Seems like a silly question, doesn't it? I was reading a post on Eye magazine's blog, which gives a behind-the-scenes look at the printing of an issue. On MagCulture.com, Jeremy Leslie commented that it was a good reminder that everyone in a magazine art department familiarize themselves with the process, and it made me think that it would benefit a magazine's entire staff to see it.
You may have been lucky enough (or unlucky, if you didn't enjoy yourself) at some point to visit a printing press. Even if you get the concept, nothing compares to seeing the live-action version of printing. You begin to understand the physical limitations of the medium.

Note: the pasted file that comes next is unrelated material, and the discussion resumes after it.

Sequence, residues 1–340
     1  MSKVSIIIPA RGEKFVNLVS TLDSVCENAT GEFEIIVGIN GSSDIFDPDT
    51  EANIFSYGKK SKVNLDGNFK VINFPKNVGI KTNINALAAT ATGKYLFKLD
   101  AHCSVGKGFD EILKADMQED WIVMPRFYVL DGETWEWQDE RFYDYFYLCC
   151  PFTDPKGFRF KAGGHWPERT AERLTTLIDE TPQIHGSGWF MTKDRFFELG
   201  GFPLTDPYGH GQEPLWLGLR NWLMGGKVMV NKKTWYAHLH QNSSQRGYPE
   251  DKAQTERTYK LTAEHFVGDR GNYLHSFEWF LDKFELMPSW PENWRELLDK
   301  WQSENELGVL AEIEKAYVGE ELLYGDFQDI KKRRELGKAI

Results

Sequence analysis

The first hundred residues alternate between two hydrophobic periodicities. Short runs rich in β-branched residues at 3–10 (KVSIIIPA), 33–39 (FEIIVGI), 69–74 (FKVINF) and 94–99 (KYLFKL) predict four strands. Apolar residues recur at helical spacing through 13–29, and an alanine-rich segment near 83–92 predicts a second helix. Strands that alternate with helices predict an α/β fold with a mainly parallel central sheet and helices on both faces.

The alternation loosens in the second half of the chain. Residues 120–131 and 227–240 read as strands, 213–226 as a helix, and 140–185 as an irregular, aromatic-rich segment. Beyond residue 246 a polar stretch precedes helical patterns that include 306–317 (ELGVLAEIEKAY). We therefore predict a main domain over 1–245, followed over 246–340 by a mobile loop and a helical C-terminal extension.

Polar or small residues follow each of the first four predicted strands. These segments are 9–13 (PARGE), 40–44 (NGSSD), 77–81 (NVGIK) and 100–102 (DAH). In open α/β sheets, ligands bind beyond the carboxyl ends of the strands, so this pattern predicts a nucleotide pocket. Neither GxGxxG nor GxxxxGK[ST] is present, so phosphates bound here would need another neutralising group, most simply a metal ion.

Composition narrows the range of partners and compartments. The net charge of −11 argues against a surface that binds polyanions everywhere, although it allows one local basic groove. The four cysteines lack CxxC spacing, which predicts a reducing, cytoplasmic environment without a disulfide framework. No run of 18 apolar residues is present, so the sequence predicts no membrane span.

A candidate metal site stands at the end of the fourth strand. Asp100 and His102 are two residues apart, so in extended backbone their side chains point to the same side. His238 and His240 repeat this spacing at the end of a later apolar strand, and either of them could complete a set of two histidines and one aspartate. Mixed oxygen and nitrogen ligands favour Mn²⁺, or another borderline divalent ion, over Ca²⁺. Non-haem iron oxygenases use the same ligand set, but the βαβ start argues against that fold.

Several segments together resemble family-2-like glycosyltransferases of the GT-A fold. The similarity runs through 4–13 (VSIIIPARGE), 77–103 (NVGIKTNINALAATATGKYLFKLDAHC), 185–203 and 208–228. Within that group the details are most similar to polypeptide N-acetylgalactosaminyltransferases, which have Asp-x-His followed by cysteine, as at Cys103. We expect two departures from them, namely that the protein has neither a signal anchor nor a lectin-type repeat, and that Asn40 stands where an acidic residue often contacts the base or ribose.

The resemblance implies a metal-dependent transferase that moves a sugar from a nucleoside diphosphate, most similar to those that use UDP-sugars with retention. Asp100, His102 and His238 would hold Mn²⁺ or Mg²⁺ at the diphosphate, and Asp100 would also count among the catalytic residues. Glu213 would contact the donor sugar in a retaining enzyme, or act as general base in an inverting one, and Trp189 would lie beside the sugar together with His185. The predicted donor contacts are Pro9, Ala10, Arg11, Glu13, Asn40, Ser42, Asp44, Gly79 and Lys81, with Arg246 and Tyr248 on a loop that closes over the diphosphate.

Likewise, I think it's a good idea if everyone gets to know what people in other departments do. Not just "I'm an assistant editor" or "I'm an associate art director," but what are each person's actual duties? What's the process of getting a story, a layout, done from start to finish? What are the steps?
There are a few ways to teach this. Perhaps a presentation by each department. Or maybe a day of job shadowing. I think it would give everyone a new found respect for what everyone else does. When you know what's involved, you understand why things are done the way they are and why they take the time that they do.
Corinna vanGerwen is a freelance editor and writer. She has worked as senior editor at Style at Home, senior design editor at Cottage Life and is the former Canadian Director of Ed2010. She has also held the position of operations manager at a boutique PR agency, where she handled strategic planning and daily operations.